And, having joined Dropbox at the start of the global pandemic, Alastair also helped lead the company’s shift to remote work into a model called “Virtual First”—a challenge that he tackled like any other design problem:

I hired our first Head of Remote, because I believe that’s a design problem, right? It’s a design challenge around how companies shift to remote ways of working—it’s not just about technology such as Zoom or Teams—but rather, it’s about how work is done and what behaviours need to change. To me, that’s a human-centred design problem.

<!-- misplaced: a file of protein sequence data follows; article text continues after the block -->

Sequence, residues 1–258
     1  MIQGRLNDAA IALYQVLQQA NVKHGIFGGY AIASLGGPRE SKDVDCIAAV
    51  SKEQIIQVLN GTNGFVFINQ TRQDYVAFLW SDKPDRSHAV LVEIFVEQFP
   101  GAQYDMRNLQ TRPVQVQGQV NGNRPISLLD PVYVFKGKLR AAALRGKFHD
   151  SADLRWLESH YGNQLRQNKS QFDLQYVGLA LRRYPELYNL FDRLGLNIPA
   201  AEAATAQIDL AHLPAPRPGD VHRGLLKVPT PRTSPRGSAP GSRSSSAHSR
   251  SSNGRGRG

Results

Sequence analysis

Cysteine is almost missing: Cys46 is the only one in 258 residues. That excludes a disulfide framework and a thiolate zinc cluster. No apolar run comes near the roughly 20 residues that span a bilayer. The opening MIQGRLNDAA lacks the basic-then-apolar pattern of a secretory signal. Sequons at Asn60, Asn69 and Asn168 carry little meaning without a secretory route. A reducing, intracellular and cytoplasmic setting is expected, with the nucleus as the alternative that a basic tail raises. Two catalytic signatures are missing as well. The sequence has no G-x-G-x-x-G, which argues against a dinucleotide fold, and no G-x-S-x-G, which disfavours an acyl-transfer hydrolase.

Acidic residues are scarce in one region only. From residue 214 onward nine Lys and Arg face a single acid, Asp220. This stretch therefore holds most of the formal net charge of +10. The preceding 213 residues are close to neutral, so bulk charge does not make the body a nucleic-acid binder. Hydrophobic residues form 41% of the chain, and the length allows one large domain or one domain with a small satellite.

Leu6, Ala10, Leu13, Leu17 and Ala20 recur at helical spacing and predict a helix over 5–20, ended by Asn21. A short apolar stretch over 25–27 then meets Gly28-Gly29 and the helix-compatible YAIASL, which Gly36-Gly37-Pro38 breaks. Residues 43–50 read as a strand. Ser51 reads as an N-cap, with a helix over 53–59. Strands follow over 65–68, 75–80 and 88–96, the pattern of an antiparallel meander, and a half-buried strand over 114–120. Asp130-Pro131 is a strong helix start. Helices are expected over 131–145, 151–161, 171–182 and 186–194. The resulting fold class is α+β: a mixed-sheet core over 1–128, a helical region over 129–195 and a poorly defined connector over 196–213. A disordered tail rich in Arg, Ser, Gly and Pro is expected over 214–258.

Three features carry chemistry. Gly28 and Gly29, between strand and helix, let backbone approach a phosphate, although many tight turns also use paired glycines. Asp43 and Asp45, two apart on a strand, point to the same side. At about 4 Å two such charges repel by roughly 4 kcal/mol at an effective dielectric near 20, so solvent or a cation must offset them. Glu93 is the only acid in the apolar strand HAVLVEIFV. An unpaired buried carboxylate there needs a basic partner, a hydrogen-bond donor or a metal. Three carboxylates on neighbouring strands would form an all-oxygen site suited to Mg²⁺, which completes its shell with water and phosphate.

As for the product itself, Alastair faces the challenge of balancing the simplicity for which Dropbox is renowned and revered with the inexorable addition of features as the product evolves. So how does he navigate that and avoid the danger of feature creep? For Alastair, the only solution here is to go right back to the core tenets of design. That is, to continuously revisit and review the fundamental problems that customers have when using the product or platform.

In practice, we are constantly reviewing our core customer journeys, iterating on them, and ensuring that they are simple and delightful for our customers. Going back to the core tenets of design, we’re never scared to always start with the fundamental questions. What’s the problem? How do you design solutions to that? How do you keep iterating on it? And how do you just remain focused on those things?

Advice for younger Alastair and fellow designers: stay curious